In reply to banchester:

MONT BLANC EXPEDITION DAY 4-5: "Prisoners Of Madam Tour Ronde"

Courmayeur is a bizzarre place: within the space of 2 hours you can go from alpine glacial hell to Michelin star steak and a glass of fine Italian wine.

Our Sunday was the latter. Recharged from a night of proper sleep, we spent the day sorting out our gear and discussing our next objective. Mark suggested Aiguille de Rochefort, a classic 4000m snow ascent but I couldn’t stop thinking about the North Face of Tour Ronde, a route that had already rejected me once in 2011.

For the previous two days her white dressed silhouette had been luring us.. Walking up and down the glacier we kept staring back, a beautiful straight line up a snow field, then a narrow ice gully into a second snow field leading to the top.. a prestigious alpinist dream!

“But beware Simone, it’s one way only.. if you start, you have to finish..”. Geared up for ice and snow we took the cable car and slept at the Torino Hut, ordering a 6am wake up call, destination the North Face of Tour Ronde.

In the morning, a quick look from the distance confirmed that she was not going to give up her prize easily. Mark, more experienced on this type of terrain, started to lead, making slow but constant progress up the first section. The conditions were icy so we had to protect the whole climb and couldn’t move together, so we arrived at the crux an hour and a half late. Mark was exhausted after nailing 4 pitches and asked me to lead on.. a very fast learning curve I can tell you!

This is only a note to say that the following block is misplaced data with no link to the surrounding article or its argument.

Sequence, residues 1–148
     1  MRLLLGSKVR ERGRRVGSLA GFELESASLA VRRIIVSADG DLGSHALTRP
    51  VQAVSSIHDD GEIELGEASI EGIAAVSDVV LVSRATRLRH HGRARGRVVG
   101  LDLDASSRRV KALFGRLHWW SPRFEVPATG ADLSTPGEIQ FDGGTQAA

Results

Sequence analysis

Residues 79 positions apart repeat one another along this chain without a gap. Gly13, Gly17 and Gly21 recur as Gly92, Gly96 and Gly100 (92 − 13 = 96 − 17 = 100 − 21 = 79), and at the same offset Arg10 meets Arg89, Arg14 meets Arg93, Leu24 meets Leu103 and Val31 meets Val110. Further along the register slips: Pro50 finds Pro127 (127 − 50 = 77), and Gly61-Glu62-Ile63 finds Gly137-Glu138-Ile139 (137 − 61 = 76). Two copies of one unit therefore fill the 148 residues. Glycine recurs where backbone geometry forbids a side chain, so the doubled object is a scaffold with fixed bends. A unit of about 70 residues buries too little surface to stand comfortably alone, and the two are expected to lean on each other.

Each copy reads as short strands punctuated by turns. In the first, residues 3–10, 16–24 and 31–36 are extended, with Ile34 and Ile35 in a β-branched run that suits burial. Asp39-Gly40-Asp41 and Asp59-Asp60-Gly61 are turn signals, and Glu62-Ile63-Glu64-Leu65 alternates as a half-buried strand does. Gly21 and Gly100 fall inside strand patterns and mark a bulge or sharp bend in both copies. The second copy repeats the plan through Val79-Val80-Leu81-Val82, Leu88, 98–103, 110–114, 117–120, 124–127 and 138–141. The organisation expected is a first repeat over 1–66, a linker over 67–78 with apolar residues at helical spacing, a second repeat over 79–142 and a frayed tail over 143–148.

Kick! Punch! Kick! Punch! Axes and crampons biting into the ice, Mark led the pitch of his life up the steep section, then we had to alternate as he physically couldn’t do all the work. The guide book said 400m but we counted 14 pitches x 50m ropes=700m of never ending ice and towers of rock, in the constant repulsive shade of the North Face.

We topped out at 18:30pm and, after a scream of joy, we quickly realized we were only half way.. Tour Ronde was about to present a very expensive bill.

With 2 hours of light left, we rushed down to find the descent route, but this proved tricky and we lost quite a lot of time overcoming the last difficulties. We got to the shoulder and saw a stone man: I walked few meters down and found an abseil point: “Quick Mark! Let’s throw the ropes this way!”.

When we landed 50m down on a tiny terrace, we realized we had wrongly entered the winter descent route, an inferno of rock fall and debris during the summer (literally the butthole of the mountain).. Within the space of 2 minutes night fell upon us as if someone had flicked a switch, we couldn’t go up nor down, we struggled even see each other..

After opening her legs and letting us in, Madam Tour Ronde had trapped us on her curvy sides!

Simone: “I’ll Call the hut!”.
Mountain Rescue Service: “It’s too dark, the helicopter can’t fly, stay put, we’ll call you in the morning..”.
Marky: “We’re fecked!”.

-3 degrees, no bivouac equipment, no water, half salami, completely shagged sitting on a stone ledge at 3700m.. What a situation!